Intel, IBM announce insulation "overhaul" for faster, cooler chips

Intel and IBM are acting oh-so-smug right now about their respective achievements in insulating 45nm transistors, allowing the chips to run faster, leak less power and generate less heat. Intel, which hinted at such improvements in June, knocked out the first press announcement, promising to start implementing the technology in the second half of 2007, and IBM scrambled to catch up, announcing that it was "on the verge" of a similar discovery, and was working with AMD to start building comparable chips in Q1 2008. Intel is calling this the "biggest change in computer chips in 40 years," and while that sounds like hyperbole to us, there's no denying that 45nm is the new hotness, and bully for Intel for making it work. The actual technology -- at least Intel's method -- replaces the silicon dioxide insulators which leak too much energy when sliced too thin, but when made thicker reduce the electrical charge that passes through, reducing performance. Now Intel is using a hafnium-based insulator, which improves conductivity and reduces leakage simultaneously. Just for kicks, Intel is also tossing in a new metal alloy for its gate electrode, to replace the old silicon gate. IBM confirmed it is also using hafnium insulators, but couldn't help getting in a cheap-shot metaphor: "It's the difference between can openers and Ferraris," according to Bernard S. Meyerson, VP and chief technologit for systems and technology at IBM. Man, those technologists can really bring the smack.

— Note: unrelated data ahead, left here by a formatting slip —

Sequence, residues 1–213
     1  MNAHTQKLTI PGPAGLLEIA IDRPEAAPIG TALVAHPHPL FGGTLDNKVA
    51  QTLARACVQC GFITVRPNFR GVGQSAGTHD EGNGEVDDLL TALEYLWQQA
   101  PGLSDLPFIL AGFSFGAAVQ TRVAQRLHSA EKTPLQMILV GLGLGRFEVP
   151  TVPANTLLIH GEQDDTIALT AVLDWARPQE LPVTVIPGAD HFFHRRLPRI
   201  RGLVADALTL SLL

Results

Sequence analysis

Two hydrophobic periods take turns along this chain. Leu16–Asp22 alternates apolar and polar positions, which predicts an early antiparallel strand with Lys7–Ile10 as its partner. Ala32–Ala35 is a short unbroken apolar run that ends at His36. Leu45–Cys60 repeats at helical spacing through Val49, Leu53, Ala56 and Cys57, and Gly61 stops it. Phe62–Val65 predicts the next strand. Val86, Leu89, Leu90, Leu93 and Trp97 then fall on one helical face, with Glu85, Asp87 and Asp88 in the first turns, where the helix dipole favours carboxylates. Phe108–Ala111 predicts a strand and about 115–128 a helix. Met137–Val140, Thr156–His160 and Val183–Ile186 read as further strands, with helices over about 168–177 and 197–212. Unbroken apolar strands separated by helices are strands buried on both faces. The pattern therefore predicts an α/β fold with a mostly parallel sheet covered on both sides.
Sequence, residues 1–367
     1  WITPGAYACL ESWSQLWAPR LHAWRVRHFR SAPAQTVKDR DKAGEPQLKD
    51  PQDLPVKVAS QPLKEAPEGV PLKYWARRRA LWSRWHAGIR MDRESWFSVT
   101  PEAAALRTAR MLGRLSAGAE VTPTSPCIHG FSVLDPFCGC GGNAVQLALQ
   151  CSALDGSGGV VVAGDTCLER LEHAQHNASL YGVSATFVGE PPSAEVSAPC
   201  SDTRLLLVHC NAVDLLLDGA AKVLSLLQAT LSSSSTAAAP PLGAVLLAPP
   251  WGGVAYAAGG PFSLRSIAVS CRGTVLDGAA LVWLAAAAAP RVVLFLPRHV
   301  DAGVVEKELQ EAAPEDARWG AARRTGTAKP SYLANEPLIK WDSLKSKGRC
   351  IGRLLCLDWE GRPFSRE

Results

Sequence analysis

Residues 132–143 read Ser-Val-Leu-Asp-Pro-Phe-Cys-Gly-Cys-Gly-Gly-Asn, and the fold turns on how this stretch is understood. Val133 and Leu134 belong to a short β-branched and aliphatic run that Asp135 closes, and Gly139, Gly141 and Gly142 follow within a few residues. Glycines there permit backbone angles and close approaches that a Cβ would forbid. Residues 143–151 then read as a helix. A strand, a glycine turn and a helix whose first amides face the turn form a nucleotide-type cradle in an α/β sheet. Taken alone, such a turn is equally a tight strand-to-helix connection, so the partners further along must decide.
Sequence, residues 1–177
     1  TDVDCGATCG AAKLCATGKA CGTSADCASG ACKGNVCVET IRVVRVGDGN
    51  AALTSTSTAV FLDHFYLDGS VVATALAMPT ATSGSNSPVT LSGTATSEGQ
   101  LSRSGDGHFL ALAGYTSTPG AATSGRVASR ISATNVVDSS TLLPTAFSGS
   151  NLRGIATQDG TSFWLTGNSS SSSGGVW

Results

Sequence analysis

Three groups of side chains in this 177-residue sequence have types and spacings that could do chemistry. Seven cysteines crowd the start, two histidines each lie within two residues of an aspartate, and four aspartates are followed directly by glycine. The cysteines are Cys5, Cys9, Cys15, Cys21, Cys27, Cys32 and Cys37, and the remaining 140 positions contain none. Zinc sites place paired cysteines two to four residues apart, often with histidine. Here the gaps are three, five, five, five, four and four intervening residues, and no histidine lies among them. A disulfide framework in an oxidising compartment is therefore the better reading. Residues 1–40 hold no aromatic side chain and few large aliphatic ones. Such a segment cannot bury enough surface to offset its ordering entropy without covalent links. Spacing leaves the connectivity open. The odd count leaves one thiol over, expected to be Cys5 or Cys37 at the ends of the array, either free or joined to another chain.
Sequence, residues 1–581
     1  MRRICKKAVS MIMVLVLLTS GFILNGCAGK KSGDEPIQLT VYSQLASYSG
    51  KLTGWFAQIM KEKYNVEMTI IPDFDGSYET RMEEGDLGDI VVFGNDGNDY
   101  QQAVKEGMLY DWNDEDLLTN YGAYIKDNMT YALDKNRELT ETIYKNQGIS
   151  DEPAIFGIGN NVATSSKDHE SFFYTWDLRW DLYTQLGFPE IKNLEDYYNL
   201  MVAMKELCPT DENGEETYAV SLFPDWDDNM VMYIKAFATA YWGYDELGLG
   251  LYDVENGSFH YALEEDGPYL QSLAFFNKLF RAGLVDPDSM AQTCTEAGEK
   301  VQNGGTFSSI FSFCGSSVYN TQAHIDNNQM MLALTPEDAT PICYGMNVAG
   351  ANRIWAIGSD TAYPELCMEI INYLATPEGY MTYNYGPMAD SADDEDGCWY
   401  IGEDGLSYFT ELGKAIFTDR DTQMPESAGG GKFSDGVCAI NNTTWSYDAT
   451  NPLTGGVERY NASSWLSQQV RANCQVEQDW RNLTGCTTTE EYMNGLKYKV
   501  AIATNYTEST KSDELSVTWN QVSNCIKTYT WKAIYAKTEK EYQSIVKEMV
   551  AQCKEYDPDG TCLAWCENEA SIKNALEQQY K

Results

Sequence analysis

[Thanks, Lee G.]